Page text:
Drama 

Just recently taken to the stage is the newly formed Lir Theatre Company. Adding to the long tradition of drama in Athenry which dates back to the l920s founded by Pat Naughton and Co. their first production “I do not like thee Dr. Fell” was staged in Dobby and Coffeys from the 20th to the 23rd of November 2000 under the direction of Pat Naughton. Treading the boards alongside him were Colette Morrissey, Pauline Dempsey, Joe Tighe, Jimmy Ryan, Niamh Reidy and Aidan Archer.

The show was a stunning success. Best wishes to all for the future. Looking forward to more! Lir Theatre Company’s poster designed by Elaine Grey.

Athenry Handball & Racquetball Club Rejuvenated

The Alley (beside Kenny Park) was recently refurbished with generous donations from local people but especially Tommy Quinn, Byrne Mech, Johnny Healy (builder), Tommy Lane (painting contractor), Rynal Ruane (electrician), Maloney’s Hardware, Mike Quinn, Tom Cleary (builder). The club would like to thank all who helped.

New members are always welcome and membership forms can be got from Sean Cleary, Gerry Dempsey, Bob Reilly, Mike Gardner and Rynal Ruane.

Foróige

A branch of Foroige, the nationwide Youth Club federation has been set up recently in the town. The local club as presently constituted is for the l2-15 age group (post-primary). Membership has been fully subscribed.

lf any other youth are interested a waiting list will be drawn up. Anyone wishing to apply should call to the Community Hall at 8pm sharp on Thursdays.

The aims of Foroige are to foster an interest in the personal development of the members and their contribution to their community. The aims are promoted within the structures of the club. Officers and the committee are elected by the membership and the business of the club is conducted under the direction of this, the youth’s own, committee.  A group of Adult Leaders are available for consultation.

The emphasis is on the ideas of the members and their personal contribution to the activities of the club.

Meetings at Community Hall at 8pm. We regret, that only a waiting list is available for young aspirants.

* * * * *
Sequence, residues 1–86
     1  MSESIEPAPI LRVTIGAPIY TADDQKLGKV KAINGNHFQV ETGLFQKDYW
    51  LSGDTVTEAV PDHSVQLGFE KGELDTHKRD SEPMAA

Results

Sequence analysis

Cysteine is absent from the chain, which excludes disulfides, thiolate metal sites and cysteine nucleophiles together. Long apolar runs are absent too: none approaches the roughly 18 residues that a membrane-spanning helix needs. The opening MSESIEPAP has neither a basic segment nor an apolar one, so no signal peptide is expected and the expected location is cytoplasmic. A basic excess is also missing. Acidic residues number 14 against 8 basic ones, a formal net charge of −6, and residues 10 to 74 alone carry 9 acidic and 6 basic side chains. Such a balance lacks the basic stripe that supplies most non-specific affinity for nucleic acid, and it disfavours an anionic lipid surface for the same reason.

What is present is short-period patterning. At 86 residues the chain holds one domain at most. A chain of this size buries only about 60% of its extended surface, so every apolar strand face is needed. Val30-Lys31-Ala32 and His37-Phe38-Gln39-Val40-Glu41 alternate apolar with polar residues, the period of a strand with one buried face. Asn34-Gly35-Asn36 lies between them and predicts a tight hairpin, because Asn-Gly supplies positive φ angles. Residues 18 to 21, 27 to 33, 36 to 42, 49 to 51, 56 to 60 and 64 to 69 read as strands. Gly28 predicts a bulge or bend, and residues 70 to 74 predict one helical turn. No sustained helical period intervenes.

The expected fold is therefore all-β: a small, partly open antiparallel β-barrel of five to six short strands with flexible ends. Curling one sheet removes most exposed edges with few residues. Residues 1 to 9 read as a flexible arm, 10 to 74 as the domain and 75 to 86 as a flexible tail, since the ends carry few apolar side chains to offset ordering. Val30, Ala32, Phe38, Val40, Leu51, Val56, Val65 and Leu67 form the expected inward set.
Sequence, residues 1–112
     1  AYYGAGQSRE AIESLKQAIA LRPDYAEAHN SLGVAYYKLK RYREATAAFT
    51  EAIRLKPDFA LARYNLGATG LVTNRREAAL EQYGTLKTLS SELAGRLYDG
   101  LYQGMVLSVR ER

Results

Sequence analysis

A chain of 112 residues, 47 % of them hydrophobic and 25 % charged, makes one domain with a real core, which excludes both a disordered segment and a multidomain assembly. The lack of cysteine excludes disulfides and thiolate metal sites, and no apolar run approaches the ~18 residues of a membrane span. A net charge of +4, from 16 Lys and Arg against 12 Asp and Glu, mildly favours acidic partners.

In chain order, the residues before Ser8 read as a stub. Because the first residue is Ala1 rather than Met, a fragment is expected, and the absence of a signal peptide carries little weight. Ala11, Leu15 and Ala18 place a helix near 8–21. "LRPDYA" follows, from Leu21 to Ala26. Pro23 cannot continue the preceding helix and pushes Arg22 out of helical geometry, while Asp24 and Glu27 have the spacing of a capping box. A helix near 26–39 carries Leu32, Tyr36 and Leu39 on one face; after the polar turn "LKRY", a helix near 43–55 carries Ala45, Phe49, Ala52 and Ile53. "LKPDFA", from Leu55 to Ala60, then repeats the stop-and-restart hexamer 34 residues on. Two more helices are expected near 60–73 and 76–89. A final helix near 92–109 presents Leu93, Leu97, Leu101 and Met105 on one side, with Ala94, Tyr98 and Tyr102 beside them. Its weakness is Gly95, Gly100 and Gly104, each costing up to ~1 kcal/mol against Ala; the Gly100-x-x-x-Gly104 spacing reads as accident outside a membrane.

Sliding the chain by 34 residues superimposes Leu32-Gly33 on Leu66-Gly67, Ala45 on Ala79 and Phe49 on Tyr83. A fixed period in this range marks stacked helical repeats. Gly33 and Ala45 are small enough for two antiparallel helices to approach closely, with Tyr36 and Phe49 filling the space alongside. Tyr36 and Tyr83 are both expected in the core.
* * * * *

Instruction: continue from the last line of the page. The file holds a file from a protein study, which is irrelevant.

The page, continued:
Any adults interested in becoming a Leader or able to assist in any way would be welcome. If there are more adult leaders, it may be possible to have a second club and thus accommodate more of our youth.

Contact  Anne or Stephen

Swimming

Soilse

Athenry Friends of People with Special Needs

The monthly disco, this year, has continued, to be a very popular and enjoyable night out. Up to 25 people with special needs from Athenry and surrounding areas come on the first Friday of each month to the New Park Hotel.

It is a joy for the helpers involved to see how everyone enjoys themselves each night. It is great to hear their expectation that the next disco will be just as good.

The “disco group” also had a very successful Summer Trip on the Corrib Princess last May. Soilse’s Annual Holiday for this group took place in the first Week of November in Kilcuan, Clarinbridge.

This was the third successive holiday at Kilcuan. The week included swimming, outings to the Salthill Aquarium, bowling in Galway and of course the Hallowe’en Party. Up to 20 helpers came during the week at various times to assist the holiday group and to enjoy the ‘craic’.

Soilse is very grateful to all our friends who supported us in so many ways.

Art Competition

Athenry Heritage would like to invite you to enter their Children’s Christmas Art Competitions.

The theme of the Competition is to paint, draw or sketch one of Athenry’s remaining Medieval features, for example – Athenry Castle etc.

The Competition is divided into 3 age groups (5-7 yrs.) (8-11yrs.) (12-15yrs.)

Prizes will be awarded to the first 3 winners in each category and all pictures entered will be later exhibited at Athenry Heritage Centre.

Please include your name, date of birth and address with your entry.

Entries must be received before January 16th. 2000 and should be sent to:

Medieval Art Competition,

Athenry Arts and Heritage Centre, The Square, Athenry

Winners will be notified. Prizes sponsored by, Athenry Heritage, Conroy’s Photographic Studio: This n’ That: The Orange Shop:

Mary O’Gorman

A poodle was charged by the law,

For killing a poor old jackdaw,

Said she to the jury,

It was all in fury,

For the jackdaw had bitten my paw.

 

There was a fat lady of Clyde,

To her husband she decided to confide,

”I’ve stolen four million

From many a civilian”,

Said he: “Let’s fly with the tide”.

John Joyce

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Nightmares

Turning and turning,

Lying in bed,